“I also had stacks and stacks of breezeblocks. They were just left over, surplus from the old owners. Sold those on eBay too. A few weeks later, I was digging in the garden and found an old Morris Minor Engine. Sold it on eBay. It’s not necessarily a good way to make money. I sold the engine for like 90p but it felt like a victory because someone else has to come and deal with it. And they felt like they’d won because it was only 90p.”
Stay relevant in your field
A band who’ve been consistently releasing albums for more than ten years probably have a right to call their next one Metronomy Forever, although, as Mount explains, “it’s meant as a joke. In the music industry it’s all about building your own mythology; the Queen biopic, the Elton John one, the NWA one… they’re creating these mythologies and trying to go on forever, but I don’t think it’s possible.”
You can, however, try and stay relevant. “Everything moves very fast nowadays, whatever industry you’re in so it pays to keep your ear to the ground and at least try to have some comprehension of what people younger than you are saying or listening to. I would love to think that with every one of our albums, new people come aboard – that’s the objective. If you don’t think about that then you’ve no real chance of staying relevant. There’s people who were listening to us 10 years ago; they’re 27 now and that’s kinda cool. It’d be nice to grab some more 17-year-olds, though. To feel like you’re relevant to young people still. I listen to the radio and I look at social; Instagram is still a good way of quickly working out where something sits in the spectrum of cool. But I’m aware it won’t be like that forever – once your parents start using it, it’s time is coming.”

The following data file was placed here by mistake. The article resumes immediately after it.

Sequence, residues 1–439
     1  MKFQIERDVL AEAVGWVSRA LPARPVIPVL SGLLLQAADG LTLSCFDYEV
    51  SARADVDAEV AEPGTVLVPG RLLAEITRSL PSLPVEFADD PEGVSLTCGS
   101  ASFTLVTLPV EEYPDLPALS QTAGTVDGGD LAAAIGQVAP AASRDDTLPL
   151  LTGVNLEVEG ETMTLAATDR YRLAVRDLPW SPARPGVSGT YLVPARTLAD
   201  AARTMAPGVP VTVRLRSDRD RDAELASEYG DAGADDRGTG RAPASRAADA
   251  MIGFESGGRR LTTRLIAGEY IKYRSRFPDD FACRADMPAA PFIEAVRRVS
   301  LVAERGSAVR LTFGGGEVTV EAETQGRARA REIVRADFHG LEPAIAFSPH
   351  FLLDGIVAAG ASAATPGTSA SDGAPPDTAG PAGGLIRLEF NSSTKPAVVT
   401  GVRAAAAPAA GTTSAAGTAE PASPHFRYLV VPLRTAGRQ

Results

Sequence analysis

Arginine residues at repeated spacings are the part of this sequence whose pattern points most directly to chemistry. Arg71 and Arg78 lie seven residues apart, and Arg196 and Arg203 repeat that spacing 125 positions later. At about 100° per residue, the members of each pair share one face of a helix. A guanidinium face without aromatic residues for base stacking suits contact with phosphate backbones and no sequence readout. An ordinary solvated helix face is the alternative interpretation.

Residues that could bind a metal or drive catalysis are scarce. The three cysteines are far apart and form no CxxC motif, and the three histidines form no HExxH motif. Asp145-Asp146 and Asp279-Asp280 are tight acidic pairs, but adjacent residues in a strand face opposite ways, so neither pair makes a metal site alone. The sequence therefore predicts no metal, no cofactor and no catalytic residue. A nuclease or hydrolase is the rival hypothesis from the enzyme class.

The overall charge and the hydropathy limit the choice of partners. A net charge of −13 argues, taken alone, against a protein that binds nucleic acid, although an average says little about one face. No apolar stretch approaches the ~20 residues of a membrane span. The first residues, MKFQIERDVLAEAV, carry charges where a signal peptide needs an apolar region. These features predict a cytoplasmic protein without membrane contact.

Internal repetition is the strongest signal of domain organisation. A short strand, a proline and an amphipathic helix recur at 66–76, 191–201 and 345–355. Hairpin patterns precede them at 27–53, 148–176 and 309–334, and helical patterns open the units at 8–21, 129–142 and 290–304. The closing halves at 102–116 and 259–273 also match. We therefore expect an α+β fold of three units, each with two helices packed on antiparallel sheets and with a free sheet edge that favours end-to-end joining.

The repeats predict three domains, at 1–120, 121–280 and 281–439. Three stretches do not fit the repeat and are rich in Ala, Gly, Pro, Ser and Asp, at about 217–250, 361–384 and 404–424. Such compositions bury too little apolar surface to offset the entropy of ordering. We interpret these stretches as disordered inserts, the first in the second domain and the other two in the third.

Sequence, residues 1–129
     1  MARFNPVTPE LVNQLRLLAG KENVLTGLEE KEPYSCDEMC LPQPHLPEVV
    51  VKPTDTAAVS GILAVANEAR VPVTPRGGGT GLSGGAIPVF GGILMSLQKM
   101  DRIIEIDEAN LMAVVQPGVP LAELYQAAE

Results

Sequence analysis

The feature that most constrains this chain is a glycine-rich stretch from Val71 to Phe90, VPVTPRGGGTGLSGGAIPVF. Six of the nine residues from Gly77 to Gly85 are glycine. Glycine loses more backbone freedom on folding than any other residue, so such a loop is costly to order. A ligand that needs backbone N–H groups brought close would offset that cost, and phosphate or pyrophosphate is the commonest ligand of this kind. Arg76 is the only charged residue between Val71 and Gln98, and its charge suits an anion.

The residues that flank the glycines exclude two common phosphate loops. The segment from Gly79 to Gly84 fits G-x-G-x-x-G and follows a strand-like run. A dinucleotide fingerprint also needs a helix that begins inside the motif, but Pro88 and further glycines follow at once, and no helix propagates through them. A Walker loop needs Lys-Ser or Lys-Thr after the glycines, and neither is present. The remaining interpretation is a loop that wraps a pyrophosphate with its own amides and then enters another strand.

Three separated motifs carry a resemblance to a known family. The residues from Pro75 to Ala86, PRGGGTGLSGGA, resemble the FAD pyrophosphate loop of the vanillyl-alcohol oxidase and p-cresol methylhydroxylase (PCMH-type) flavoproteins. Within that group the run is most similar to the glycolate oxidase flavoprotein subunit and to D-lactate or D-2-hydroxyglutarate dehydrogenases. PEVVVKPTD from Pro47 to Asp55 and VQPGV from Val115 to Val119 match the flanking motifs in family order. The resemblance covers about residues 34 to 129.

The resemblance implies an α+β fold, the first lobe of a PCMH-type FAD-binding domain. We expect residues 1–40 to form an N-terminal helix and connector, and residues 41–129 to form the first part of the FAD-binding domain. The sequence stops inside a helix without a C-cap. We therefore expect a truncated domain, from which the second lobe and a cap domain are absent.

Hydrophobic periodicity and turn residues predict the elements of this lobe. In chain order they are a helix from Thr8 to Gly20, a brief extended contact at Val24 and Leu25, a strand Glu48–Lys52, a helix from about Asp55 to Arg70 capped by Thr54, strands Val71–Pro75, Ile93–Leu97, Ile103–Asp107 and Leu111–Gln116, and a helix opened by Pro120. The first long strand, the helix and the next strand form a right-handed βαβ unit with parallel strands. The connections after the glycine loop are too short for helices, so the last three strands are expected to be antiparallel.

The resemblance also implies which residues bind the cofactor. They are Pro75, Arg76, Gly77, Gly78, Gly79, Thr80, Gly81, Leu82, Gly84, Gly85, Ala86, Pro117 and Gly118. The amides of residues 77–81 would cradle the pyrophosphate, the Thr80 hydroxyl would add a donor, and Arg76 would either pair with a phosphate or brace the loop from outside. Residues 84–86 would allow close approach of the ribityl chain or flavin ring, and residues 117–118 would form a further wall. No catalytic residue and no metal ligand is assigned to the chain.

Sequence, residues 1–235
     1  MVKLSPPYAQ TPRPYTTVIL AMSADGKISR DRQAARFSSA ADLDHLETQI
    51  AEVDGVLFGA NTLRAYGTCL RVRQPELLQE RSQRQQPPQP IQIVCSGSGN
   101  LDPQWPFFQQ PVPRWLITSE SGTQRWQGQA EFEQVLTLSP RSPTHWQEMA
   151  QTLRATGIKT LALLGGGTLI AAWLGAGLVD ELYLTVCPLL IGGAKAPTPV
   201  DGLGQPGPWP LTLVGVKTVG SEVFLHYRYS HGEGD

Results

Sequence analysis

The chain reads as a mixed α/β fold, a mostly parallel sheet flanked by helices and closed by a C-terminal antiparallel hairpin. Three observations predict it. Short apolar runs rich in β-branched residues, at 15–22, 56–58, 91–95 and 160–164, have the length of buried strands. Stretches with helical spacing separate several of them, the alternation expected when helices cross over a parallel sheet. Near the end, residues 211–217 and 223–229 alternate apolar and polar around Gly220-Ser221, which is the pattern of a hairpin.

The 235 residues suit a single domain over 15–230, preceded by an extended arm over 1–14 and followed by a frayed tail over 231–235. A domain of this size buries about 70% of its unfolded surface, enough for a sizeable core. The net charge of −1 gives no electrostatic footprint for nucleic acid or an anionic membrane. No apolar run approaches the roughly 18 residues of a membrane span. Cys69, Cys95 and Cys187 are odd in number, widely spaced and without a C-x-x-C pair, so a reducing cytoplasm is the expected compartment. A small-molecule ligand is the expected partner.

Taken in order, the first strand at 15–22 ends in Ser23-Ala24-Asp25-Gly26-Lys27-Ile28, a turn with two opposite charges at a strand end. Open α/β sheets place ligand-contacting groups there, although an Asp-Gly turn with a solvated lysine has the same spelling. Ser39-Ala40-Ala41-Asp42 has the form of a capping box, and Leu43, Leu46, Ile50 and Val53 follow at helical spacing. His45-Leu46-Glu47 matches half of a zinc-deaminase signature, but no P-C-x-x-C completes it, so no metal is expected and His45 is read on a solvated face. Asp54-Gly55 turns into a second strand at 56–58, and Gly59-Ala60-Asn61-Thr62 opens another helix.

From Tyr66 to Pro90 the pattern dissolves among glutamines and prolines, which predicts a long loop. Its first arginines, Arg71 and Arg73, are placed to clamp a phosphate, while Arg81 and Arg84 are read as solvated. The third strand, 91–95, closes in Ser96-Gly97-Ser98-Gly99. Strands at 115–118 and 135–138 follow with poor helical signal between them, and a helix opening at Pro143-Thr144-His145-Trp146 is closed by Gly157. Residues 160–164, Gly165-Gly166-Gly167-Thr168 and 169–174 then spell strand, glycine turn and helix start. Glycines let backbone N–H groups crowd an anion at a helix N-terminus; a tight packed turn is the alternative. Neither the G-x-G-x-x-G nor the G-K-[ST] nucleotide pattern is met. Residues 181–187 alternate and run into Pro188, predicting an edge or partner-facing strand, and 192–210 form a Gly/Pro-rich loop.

Enjoy the downtime
“If I had a free Sunday morning, I’d just stay in bed,” says Mount. “I’m often away – like, my most used app is The Trainline because I’m always going to Gatwick or Heathrow or something. Being in the country, though, has taught me the value of downtime. When I was younger, London specifically was amazing – you’re always doing something, there’s always someone you have to keep-up with. It’s that competitive thing. Now, I don’t need that. Although, I am a fan of carboot sales. I found a really amazing antique keyboard at Chiswick Carboot Sale, recently. Although, it’s quite a poncey boot sale.
“I don’t have any particular tactics because when you see those people who’re like looking in the backs of cars and stuff it all gets a bit intense. It’s horrible, really. They’re like ganets. Like I said, I enjoy it as a nice, chilled activity. I’m also a bit fatalistic about carboot sales. If you’re going to find something, you’re going to find something. You can’t create the luck.”
Metronomy Forever is released 13 September via Because Music